Two Months till Publication – December

I’ve been trying to write this post for weeks. But Christmas is quite a big thing round here. Four children who still believe in Father Christmas and the Advent Fairy (lovely fairy, brings a small present every day and leaves a note saying where to find it. Except she doesn’t always remember to put the present where she says she’s put the present and the whole house has to run backwards for a few seconds in order to turn back time so we can try again. It’s quite time consuming). Lots of non-family children (and adults) we like to buy presents for. Small traditions – the Muppet Christmas Carol, crepes for breakfast on the last day of school, doing the rounds of the pharmacy, the surgery, the paper shop with mince pies and gingerbread snowflakes…plus, this year, my determination to get the children to a theatre, to see my sister in Sheffield, and the children’s own growing desires to see their friends, to bake things we haven’t tried before, to decorate all the drinking glasses with Sharpie pens. And, of course, the ever expanding round of concerts, nativity plays, parties, final sessions of dance/swimming/Cubs/Brownies, to which parents are cordially invited. For which much thanks.
And a lovely friend who lives locally had her first baby this week. That’s the kind of thing everything stops for. And another friend, who’s training to be an opera singer, organised a concert in aid of the most important charity in the world (to us), and my Sheffield sister brought her boyfriend to visit, and I had the chance to go and see the audiobook of The Ship being recorded, and so here we are, on Christmas Eve, with much done but still more to do.
Nothing stops for a blog post, and maybe this one wouldn’t have happened, except for this: yesterday, Sophie Buchan, an editor Weidenfeld and Nicolson, practically alone in the offices, took delivery of the finished hardback of The Ship. Even thought I’m not Sophie’s author, Sophie arranged for a courier to bring me a copy. A courier! So yesterday, in the middle of a baked ham and a rosewater-scented nougat glacé and a panic about insufficient green veg (because green veg are what everyone wants from a Christmas dinner, right?), a parcel arrived. And, because Christmas is largely about the children, and about other people, and because we long ago decided not to exchange presents between adults, and because I’d been off Twitter and so wasn’t expecting anything, the contents of the parcel were a complete surprise.
Reader, it’s beautiful. It’s a beautiful, beautiful thing. W&N have created a font for the title, and they’ve carried it through in the chapter numbers. The cover is strong and vibrant, but it’s vulnerable, too, and asks difficult questions, just like Lalla herself. When you open it, all you see are words on paper. You can’t see the life’s blood that’s been poured into it, the things I had to give up in order to find the time to write it, the frustration, the rejections, the sleepless nights, the number of times I decided, in my own interests as well as everyone else’s, that it was time to find another brick wall to bang my head against. There’s just this book.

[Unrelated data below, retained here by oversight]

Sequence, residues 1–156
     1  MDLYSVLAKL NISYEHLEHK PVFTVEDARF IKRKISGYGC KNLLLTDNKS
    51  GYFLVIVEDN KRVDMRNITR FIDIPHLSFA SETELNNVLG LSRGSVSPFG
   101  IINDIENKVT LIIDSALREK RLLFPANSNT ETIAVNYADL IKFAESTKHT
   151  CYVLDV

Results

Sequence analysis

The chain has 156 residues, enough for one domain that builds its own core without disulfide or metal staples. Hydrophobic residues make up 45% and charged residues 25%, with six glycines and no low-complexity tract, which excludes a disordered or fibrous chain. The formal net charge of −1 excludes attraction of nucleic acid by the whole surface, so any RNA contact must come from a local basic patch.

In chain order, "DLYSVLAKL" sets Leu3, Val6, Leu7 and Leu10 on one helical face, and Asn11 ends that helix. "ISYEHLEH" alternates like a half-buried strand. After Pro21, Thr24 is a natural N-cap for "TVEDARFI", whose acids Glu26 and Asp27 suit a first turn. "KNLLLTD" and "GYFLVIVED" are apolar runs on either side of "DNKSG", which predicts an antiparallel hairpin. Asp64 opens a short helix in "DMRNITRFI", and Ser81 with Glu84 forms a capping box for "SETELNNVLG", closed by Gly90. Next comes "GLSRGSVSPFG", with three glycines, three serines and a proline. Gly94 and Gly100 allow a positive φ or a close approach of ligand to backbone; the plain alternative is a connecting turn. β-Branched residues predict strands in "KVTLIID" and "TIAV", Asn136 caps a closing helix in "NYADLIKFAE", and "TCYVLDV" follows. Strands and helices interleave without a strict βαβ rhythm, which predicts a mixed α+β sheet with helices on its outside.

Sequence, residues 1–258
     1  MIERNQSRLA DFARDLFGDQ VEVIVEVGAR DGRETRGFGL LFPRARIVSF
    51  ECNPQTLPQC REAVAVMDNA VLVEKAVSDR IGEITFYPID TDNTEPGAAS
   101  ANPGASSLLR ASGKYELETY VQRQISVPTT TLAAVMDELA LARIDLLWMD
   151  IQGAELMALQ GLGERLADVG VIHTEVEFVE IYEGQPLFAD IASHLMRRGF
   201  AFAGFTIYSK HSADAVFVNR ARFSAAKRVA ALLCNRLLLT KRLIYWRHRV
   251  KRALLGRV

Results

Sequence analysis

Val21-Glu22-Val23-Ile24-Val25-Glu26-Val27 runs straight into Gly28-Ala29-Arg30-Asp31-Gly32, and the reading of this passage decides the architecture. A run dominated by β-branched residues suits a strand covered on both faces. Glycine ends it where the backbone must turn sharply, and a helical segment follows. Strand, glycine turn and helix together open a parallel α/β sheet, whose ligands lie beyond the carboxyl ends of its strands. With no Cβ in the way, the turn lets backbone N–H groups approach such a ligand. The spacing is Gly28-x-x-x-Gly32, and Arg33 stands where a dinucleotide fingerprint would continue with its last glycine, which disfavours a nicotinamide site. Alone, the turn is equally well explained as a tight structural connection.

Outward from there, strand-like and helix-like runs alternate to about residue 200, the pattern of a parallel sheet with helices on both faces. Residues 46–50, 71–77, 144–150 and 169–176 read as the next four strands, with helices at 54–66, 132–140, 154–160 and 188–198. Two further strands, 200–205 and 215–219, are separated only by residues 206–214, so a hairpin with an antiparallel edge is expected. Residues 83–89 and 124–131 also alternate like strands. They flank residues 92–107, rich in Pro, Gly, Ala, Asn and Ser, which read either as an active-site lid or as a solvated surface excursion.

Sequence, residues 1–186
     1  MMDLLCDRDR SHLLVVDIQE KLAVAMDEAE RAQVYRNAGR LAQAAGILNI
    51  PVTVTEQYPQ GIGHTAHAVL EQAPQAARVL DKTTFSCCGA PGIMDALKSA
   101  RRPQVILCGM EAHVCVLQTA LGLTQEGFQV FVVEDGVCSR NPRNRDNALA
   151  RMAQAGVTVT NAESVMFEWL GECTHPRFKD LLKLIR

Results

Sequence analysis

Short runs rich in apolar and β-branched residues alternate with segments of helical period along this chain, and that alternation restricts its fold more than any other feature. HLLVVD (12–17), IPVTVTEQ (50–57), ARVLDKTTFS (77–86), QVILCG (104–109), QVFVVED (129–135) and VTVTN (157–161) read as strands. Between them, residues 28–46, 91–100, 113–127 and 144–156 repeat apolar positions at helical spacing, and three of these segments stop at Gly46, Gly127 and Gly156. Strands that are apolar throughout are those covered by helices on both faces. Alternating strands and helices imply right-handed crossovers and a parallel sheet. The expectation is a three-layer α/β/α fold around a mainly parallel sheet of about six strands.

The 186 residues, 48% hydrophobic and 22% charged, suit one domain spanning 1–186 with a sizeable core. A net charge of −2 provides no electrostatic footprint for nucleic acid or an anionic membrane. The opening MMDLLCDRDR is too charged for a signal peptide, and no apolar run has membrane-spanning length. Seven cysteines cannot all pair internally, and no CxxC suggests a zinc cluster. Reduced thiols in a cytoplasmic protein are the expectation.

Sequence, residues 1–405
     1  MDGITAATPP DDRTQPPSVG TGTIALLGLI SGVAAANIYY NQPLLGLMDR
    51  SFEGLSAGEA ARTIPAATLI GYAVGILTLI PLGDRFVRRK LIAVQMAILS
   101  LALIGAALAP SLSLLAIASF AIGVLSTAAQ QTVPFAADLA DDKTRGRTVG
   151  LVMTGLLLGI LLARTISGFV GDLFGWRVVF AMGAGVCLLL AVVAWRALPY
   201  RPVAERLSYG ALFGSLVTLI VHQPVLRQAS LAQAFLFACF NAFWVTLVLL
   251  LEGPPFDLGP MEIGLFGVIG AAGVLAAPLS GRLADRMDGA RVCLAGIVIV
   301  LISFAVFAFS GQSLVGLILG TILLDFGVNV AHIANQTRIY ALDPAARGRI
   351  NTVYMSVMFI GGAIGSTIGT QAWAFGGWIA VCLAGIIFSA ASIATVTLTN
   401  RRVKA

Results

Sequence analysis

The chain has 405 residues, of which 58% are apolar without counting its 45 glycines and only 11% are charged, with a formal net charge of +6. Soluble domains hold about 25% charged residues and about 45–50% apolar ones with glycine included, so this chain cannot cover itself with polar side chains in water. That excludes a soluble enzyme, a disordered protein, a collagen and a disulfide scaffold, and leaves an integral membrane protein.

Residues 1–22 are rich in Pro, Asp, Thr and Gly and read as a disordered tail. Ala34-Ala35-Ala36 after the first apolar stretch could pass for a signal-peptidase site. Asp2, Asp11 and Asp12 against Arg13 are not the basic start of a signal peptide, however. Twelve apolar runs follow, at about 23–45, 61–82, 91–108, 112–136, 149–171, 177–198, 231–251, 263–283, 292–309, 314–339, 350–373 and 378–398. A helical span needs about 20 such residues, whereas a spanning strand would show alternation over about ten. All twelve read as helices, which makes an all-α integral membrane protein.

Maybe it’ll succeed out there, maybe it won’t. Maybe I hold a new career in the palm of my hand – maybe I’m just holding a book. On February 19th, it’ll be out there. Hopefully, you’ll read it, and Lalla’s story will mean something different to every one of you, and from that moment on, The Ship will belong to anyone who picks it up and gives it the gift of their time. And I can’t seem to think about anything else.
There’s so much more I want to write. I want to write about the incredible experience of watching the audiobook being recorded, and the stunning voice talent that is Melody Grove. I want to write about about January’s 40+ debutantes’ lunch (if your first novel was published when you were over 40 and you fancy meeting others, do get in touch). I want to write about the people I’ve met this year, writers aspiring and writers published, publishers and agents and industry professionals, book bloggers and readers, and about my complete failure to locate the Magic Fountain of Unlimited Time. I want to write about the joy of rereading Middlemarch and the wonder of all the new writing I’ve loved this year. And about the sheer magic that was Forced Entertainment’s production of The Possible Impossible House at the Barbican, which got a measly review from the Guardian’s (adult) reviewer but held my crew (and me) spellbound.
But, y’know, there was this baby. And so my writing world’s going to stop, just for a few days, while the house fills with extended family. Of course there’ll be arguments and disasters (my poor mother, arriving yesterday to find my kitchen in chaos, washed up as a surprise and threw out my carefully-prepared sugar syrup which was cooling for sorbets). Of course the board games will cause tensions and we’ll all eat too much, and we might come to regret buying that longed-for drum kit, however much we’re looking forward to seeing it being opened. But when it’s over, what we’ll remember is that we were together. The future is unpredictable, but for three short days, we’ll devote the present to each other.
Happy Christmas, everyone, and thank you for reading.